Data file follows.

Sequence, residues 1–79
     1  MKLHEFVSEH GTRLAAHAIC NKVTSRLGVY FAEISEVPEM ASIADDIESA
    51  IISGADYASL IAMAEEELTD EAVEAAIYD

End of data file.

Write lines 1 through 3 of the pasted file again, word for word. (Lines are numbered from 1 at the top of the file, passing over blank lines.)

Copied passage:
Sequence, residues 1–79
     1  MKLHEFVSEH GTRLAAHAIC NKVTSRLGVY FAEISEVPEM ASIADDIESA
    51  IISGADYASL IAMAEEELTD EAVEAAIYD